Fred B. Barrows
Fred B. Barrows, one of the prominent marine engineers of Duluth, and a descendent of old New England stock, learned the machinist's trade in the employ of the Minnesota Iron Company, at Minneapolis, in which city he also acquired his public-school education. His parents, Daniel and Armenia (Luce) Barrows, removed to that locality in 1857, from Stowe, Vt., where Fred B. was born in 1851. Mr. Barrows is an engineer of unusual attainments, and in addition to his marine work has had a wide experience with the intricate machinery of some of the largest flouring-mills in and about Duluth and Superior. His ancestors came to the American colonies in the year 1636 first locating near Boston, Mass., after some years removing to New Hampshire, where the grandfather raised a family, some of his sons going to Vermont, among whom was Daniel, the father of Fred B. The great-great- grandfather was a staff officer during the Revolutionary War.
The first marine berth that Mr. Barrows held was in 1866, on the steamer St. Anthony Falls, a side-wheeler plying on the upper Minnesota River, between Mankato and St. Paul. On leaving this boat he became engineer in a sawmill, at Hinckley, Minn., on the St. Paul & Duluth railroad, the first mill in that locality, and remained there until the spring of 1880, when he was appointed engineer of the tug Siskiwitt, which berth he retained three years. The Siskiwitt carried the United States mails and supplies to the north shore ports of Lake Superior, and was out in the great storm of September 16, 1881, which registered great loss of life and property. She tried to find refuge at Sucker Bay but could not make that port, and was also compelled to run by Two Harbors, hence headed for Duluth. When she got opposite the entrance of the harbor the huge combers took her and carried her up onto the south pier where she rolled over on her beams end and dropped back into the canal, but the next sea picked her up; she righted and steamed safely inside without loss of life, the credit attaching to engineer Barrows who stood by the throttle although threatened with instant death, an evidence of presence of mind in a time of peril. He was chief of this boat three seasons, and was then transferred to the tug Eliza Williams, where he remained until July, 1883, when he took charge of the dock machinery of the Ohio Coal Company, in Duluth.
During the seasons of 1884-85 Mr. Barrows was chief engineer of the passenger steamer Isle Royal, plying between Duluth and Port Arthur. This steamer sprung a leak off Isle Royal in July, 1885, and sunk, and the engineer finished the season in the tug Mollie Spencer. The next season he fitted out the steamer R. G. Stewart, but did not go in her, as he took charge of the Ohio Coal Company's machinery on the dock in Duluth, where he remained three years. In 1889 he became chief engineer of the Imperial mills, and two years later was engaged as traveling salesman of the Vaccum Oil Company until November, when he was appointed chief engineer of the tug Keystone, of Ashland, Wis., staying with her two seasons, and after one season in the yacht Nautilus, he accepted engineer's berth in the "Spalding Hotel." In 1896 he entered the employ of the Crane-Ordway Company, dealers in mill supplies, as salesman, and when that concern discontinued business he went to work in the machine shop of the National Iron Works until the next spring, when he ran the tug Tomlinson for Barry Bros., after a short time transferring to the employ of Williams & Co., as engineer of the tug Ella G. Stone, and working in the National Iron Works again that winter. In the spring of 1898 Mr. Barrows was appointed chief engineer of the passenger steamer Bon Voyage, plying between Duluth and Portage Lake, a position he now holds. He has fifteen issues of marine engineer's license, but did not keep his numbers up while working ashore. Socially, he is a Master Mason of good report.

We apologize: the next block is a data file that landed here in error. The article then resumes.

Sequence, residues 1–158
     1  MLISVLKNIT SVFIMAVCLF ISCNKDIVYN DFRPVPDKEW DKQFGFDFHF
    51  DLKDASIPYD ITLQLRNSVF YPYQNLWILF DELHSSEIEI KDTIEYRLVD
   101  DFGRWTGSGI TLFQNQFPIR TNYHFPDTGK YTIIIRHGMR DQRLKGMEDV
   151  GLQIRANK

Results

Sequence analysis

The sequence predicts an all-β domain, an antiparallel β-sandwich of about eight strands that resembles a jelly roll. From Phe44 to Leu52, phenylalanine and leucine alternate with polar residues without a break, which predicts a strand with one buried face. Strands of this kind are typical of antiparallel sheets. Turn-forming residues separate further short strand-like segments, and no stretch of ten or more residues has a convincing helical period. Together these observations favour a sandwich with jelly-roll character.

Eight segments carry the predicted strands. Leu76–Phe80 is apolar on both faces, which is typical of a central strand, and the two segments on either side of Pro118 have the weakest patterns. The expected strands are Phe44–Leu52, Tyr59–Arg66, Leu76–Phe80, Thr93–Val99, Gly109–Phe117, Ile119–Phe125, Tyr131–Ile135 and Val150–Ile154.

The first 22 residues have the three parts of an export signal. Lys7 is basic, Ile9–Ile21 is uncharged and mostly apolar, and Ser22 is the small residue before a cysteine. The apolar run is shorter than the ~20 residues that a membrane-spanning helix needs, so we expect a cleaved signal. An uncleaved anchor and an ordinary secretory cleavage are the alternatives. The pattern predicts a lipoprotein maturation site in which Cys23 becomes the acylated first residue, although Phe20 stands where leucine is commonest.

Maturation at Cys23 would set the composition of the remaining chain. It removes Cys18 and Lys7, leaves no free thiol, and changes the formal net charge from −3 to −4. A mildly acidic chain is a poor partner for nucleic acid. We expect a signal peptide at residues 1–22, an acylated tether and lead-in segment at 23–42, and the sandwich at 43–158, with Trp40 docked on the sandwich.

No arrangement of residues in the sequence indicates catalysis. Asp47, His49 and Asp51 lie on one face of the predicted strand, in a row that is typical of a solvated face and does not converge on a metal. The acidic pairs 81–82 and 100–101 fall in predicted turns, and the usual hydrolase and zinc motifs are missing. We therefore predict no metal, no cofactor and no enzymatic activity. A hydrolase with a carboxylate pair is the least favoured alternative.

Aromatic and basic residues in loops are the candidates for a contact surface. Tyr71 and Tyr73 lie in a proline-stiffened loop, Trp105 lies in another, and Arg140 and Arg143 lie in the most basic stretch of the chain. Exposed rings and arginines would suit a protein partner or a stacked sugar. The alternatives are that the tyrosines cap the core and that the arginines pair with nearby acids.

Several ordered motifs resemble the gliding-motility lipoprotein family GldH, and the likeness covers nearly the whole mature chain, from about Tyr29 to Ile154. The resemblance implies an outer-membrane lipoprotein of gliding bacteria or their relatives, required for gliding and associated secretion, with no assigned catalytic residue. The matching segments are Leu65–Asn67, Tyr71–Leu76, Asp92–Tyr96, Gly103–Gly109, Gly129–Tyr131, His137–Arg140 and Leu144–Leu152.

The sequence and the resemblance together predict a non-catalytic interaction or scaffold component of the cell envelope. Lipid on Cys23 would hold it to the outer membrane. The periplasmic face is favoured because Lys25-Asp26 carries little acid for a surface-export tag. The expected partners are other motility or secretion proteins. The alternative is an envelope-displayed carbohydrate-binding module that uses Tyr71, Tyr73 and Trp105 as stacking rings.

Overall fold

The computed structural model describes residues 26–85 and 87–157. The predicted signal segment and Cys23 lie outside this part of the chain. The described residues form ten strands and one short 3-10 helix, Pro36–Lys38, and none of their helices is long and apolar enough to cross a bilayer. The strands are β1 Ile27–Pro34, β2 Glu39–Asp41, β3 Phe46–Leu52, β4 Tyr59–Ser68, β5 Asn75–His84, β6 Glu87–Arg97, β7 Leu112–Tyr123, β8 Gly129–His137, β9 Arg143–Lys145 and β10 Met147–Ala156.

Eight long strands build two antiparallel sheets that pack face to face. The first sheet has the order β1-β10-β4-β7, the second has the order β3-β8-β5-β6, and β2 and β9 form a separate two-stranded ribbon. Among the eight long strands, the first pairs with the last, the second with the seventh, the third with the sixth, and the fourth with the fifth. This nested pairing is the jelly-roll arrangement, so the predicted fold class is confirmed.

Mr. Barrows was united by marriage to Miss Margaret, daughter of Matthew Siefner, of Houghton, Mich. The children born to this union are: Fred E., now second engineer with his father on the steamer Bon Voyage, and who commenced his lakefaring life as fireman on the yacht Nautilus, advanced to the position of second engineer in the steamer Shenandoah, served a season in the tug Zenith, and, in 1897, was engineer of the tug Industry; Frank S., Ella A., Florence M. and Grace M. The family homestead is situated at No. 1128 East Third Street, Duluth, Minnesota.
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This version of Volume II is based, with permission, on the work of the great volunteers at the Marine Captains Biographies site. To them goes the credit for reorganizing the content into some coherent order. The biographies in the original volume are in essentially random order.
Some of the transcription work was also done by Brendon Baillod, who maintains an excellent guide to Great Lakes Shipwreck Research.